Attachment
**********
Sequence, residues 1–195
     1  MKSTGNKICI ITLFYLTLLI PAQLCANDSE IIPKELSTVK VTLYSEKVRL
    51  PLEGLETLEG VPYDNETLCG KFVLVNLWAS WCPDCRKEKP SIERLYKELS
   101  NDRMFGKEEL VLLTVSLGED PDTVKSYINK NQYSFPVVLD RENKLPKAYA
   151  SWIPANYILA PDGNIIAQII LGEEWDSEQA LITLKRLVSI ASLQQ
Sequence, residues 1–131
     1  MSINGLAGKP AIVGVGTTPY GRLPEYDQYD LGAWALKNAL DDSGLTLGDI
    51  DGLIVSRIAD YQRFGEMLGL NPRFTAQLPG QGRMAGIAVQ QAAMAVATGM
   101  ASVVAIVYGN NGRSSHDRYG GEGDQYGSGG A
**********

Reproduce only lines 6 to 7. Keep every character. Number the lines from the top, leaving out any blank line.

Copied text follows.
Sequence, residues 1–131
     1  MSINGLAGKP AIVGVGTTPY GRLPEYDQYD LGAWALKNAL DDSGLTLGDI